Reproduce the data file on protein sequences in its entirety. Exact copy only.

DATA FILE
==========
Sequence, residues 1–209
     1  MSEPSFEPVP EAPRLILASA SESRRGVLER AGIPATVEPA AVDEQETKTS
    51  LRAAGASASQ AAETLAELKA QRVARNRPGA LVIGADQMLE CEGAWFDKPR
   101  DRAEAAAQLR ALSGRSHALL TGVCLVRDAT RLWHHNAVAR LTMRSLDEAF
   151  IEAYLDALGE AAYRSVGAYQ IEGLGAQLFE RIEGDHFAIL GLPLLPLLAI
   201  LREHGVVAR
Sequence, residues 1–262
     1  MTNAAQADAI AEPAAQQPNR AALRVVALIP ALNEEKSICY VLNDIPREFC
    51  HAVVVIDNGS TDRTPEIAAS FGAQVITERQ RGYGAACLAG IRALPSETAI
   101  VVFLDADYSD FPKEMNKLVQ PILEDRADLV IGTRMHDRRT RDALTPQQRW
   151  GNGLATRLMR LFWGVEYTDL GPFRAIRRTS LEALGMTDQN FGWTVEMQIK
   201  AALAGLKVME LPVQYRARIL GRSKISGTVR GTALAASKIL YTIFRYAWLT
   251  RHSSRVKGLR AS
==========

Sequence, residues 1–209
     1  MSEPSFEPVP EAPRLILASA SESRRGVLER AGIPATVEPA AVDEQETKTS
    51  LRAAGASASQ AAETLAELKA QRVARNRPGA LVIGADQMLE CEGAWFDKPR
   101  DRAEAAAQLR ALSGRSHALL TGVCLVRDAT RLWHHNAVAR LTMRSLDEAF
   151  IEAYLDALGE AAYRSVGAYQ IEGLGAQLFE RIEGDHFAIL GLPLLPLLAI
   201  LREHGVVAR
Sequence, residues 1–262
     1  MTNAAQADAI AEPAAQQPNR AALRVVALIP ALNEEKSICY VLNDIPREFC
    51  HAVVVIDNGS TDRTPEIAAS FGAQVITERQ RGYGAACLAG IRALPSETAI
   101  VVFLDADYSD FPKEMNKLVQ PILEDRADLV IGTRMHDRRT RDALTPQQRW
   151  GNGLATRLMR LFWGVEYTDL GPFRAIRRTS LEALGMTDQN FGWTVEMQIK
   201  AALAGLKVME LPVQYRARIL GRSKISGTVR GTALAASKIL YTIFRYAWLT
   251  RHSSRVKGLR AS